• Chicago-area newcomer Spot On Company debuts with "Blue Over You (A Mysterious One-Man Love Story with Musical Bits)." Written and directed by Spot On co-founders Daniel Noonan and Sarah Whitney, the solo show is about a high school drama teacher who returns home to find his wife missing and must determine whether she ran off with someone or if something more sinister occurred. Performances begin Friday, Jan. 5, at Northminster Presbyterian Church, 2515 Central Park Ave., Evanston. See blueoveryou.com.
• Interrobang Theatre continues its season-long examination of truth with Lee Blessing's new play "For the Loyal." Inspired by the Penn State sexual abuse scandal, it centers on the pregnant wife of a young assistant coach who learns a secret that makes her question her loyalties. Previews begin Saturday, Jan. 6, at The Athenaeum Theatre, 2936 N. Southport Ave., Chicago. Blessing will participate in a talkback from 4 to 5 p.m. Saturday, Jan. 6. The show, directed by James Yost, opens Monday, Jan. 8. (773) 935-6875 or interrobangtheatre.org.
• Collaboraction hosts "Encounter," a mini-festival focusing on racism and racial healing that incorporates theater, visual arts, music, video and dance. The festival runs Tuesday, Jan. 9, through Jan. 20, at Collaboraction Studios, 1579 N. Milwaukee Ave., Chicago. Full-length shows include one by Ada Cheng who describes what life is like for immigrant women of color in "Not Quite: Asian-American by Law, Asian Women by Desire." Sonya Y. Jackson wrote and performs "Untitled Solo Show" about her experiences with race and identity. Short works include: "Soul in Suburbia" about an African American family in 1980s suburbia; "D on the South Side" about a Puerto Rican woman living in a predominantly black Chicago neighborhood; "Jets, Sharks and Beckys" about Latino theater artists debating race and casting while waiting to audition for "West Side Story;" and "The Blue Eyed Devil" about an interracial couple in 1940s Chicago, among others. The festival also includes storytelling and free staged readings. See the schedule at collaboraction.org or call (312) 226-9633.
• Previews begin Thursday, Jan. 11, for Pride Films and Plays' Chicago area premiere of "Yank! A World War II Love Story" by writer/lyricist David Zellnik and composer Joseph Zellnik. The musical tells the story of a young Midwestern man who is drafted into the army and falls in love with another soldier. PFP executive director David Zak directs the production, which opens Jan. 18 at 4139 N. Broadway, Chicago. (800) 737-0984 or pridefilmsandplays.com.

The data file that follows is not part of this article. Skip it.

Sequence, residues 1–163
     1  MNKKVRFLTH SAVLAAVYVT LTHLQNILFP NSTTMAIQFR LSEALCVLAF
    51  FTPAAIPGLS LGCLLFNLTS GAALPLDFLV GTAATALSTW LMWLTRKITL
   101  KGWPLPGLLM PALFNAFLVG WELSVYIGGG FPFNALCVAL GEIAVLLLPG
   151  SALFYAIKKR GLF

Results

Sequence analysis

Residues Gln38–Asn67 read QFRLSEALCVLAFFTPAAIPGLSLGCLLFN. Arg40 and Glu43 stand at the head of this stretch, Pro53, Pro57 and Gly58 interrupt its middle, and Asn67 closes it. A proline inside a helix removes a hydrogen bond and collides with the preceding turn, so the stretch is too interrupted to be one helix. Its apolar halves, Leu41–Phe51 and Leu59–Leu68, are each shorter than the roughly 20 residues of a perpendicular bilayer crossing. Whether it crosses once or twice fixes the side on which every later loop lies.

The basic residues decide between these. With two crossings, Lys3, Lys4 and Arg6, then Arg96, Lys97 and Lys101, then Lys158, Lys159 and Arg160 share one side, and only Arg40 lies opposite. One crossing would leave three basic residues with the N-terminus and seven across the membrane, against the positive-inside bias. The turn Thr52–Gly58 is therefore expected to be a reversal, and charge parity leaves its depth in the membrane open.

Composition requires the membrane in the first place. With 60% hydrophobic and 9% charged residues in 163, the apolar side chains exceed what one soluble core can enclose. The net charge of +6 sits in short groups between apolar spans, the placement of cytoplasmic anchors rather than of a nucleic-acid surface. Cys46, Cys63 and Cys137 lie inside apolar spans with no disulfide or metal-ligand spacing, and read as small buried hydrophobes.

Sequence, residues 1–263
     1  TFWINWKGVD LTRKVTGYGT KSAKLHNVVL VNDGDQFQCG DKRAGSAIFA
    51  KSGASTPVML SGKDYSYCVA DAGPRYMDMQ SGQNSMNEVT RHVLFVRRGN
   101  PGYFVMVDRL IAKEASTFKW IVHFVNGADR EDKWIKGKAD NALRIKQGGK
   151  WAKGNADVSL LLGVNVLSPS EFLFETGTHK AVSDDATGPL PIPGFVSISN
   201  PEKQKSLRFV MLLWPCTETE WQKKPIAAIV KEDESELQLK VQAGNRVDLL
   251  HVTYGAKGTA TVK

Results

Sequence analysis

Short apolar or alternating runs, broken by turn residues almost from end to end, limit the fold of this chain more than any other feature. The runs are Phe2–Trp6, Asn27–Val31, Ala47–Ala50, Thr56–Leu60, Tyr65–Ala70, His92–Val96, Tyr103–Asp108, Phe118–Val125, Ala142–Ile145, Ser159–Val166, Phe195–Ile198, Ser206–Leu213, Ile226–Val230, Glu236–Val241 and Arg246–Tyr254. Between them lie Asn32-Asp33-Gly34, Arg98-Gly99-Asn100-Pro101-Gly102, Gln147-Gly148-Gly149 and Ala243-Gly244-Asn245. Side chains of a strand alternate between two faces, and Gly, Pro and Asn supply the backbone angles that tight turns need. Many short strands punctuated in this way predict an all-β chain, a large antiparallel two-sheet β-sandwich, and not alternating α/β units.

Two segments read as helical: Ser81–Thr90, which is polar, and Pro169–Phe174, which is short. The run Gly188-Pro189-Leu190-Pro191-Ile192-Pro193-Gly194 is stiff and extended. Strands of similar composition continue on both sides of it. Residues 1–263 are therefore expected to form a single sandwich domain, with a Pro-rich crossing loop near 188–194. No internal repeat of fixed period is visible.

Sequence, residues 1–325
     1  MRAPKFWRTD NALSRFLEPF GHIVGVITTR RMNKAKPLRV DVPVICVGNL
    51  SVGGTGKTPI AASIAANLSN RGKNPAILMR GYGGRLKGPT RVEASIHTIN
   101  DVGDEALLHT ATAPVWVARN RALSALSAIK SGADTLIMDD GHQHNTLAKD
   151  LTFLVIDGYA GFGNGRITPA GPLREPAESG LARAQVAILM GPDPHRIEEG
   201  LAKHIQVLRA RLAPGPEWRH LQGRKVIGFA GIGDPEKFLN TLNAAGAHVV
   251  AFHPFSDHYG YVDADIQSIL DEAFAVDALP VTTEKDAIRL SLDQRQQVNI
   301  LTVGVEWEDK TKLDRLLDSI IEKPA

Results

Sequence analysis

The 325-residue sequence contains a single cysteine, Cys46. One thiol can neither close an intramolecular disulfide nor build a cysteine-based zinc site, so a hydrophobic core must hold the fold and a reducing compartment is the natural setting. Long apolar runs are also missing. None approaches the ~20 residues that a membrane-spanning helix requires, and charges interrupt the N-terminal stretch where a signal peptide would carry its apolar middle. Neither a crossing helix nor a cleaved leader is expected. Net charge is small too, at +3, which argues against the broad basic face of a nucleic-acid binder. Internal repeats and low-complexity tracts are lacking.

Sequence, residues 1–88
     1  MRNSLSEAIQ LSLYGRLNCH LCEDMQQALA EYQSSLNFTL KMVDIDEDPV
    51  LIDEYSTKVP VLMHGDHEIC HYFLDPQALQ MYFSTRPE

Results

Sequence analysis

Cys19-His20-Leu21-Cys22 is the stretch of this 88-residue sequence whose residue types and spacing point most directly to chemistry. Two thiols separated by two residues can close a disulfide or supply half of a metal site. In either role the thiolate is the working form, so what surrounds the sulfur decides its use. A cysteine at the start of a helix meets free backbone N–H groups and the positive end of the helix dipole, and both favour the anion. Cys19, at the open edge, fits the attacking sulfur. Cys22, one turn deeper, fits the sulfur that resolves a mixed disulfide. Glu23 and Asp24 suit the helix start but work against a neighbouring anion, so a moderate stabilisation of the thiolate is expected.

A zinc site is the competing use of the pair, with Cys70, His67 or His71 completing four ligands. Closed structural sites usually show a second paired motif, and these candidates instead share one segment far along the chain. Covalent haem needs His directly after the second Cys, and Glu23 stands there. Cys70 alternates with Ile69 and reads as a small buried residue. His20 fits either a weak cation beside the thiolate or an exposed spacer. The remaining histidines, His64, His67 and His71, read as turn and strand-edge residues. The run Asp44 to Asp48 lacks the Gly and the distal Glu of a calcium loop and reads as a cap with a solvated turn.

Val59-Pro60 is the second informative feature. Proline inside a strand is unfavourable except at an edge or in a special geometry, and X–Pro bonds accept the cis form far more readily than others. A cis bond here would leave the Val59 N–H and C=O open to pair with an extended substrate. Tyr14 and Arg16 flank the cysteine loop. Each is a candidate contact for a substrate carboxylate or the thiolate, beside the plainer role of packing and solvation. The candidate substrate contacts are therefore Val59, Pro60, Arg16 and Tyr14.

• Court Theatre continues its 63rd season with director Charles Newell's revival of Arthur Miller's "All My Sons," beginning previews Thursday, Jan. 11, at 5535 S. Ellis Ave., Chicago. The drama about guilt, idealism and responsibility centers around former friends and business partners accused of selling faulty parts to the military, which results in the death of 21 pilots. One was convicted and the other was exonerated. When two of their children announce their pending marriage, old grievances and guilt resurface. The production, starring Kate Collins, John Judd, Timothy Edward Kane, Heidi Kettenring and others, opens Jan. 20. (773) 753-4472 or courttheatre.org.
• Shattered Globe Theatre presents the Chicago area premiere of "Five Mile Lake," a new drama by Rachel Bonds. The Anton Chekhov-inspired play is about five adults nearing 30 who are dealing with unrequited love and loss while confronting their futures in their small Pennsylvania town. Previews begin Thursday, Jan. 11, at Theater Wit, 1229 W. Belmont Ave., Chicago. Cody Estle directs ensemble members Steve Peebles, Drew Schad, Joseph Wiens and Daniela Colucci in the show which also features Aila Peck. It opens Jan. 14. (773) 975-8150 or shatteredglobe.org.
• "The Second City's She the People: Girlfriends' Guide to Sisters Doing it for Themselves," a new sketch comedy show created, designed and performed entirely by women, begins performances Thursday, Jan. 11, at UP Comedy Club, Piper's Alley, 230 W. North Ave., Chicago. (312) 337-3992 or secondcity.com.
• Speaking of comedy, the Chicago Sketch Comedy Festival returns for its 17th year on Thursday, Jan. 11. Performances run through Jan. 21 at Stage 773, 1225 W. Belmont Ave., Chicago. Returning are Chicago ensembles The Cupid Players, Clown Car to Sicily and Rehner & Nixon, along with troupes from around the country. Tickets are $15. An all-festival pass is $250 and a weekend pass is $125. (773) 327-5252 or stage 773.com.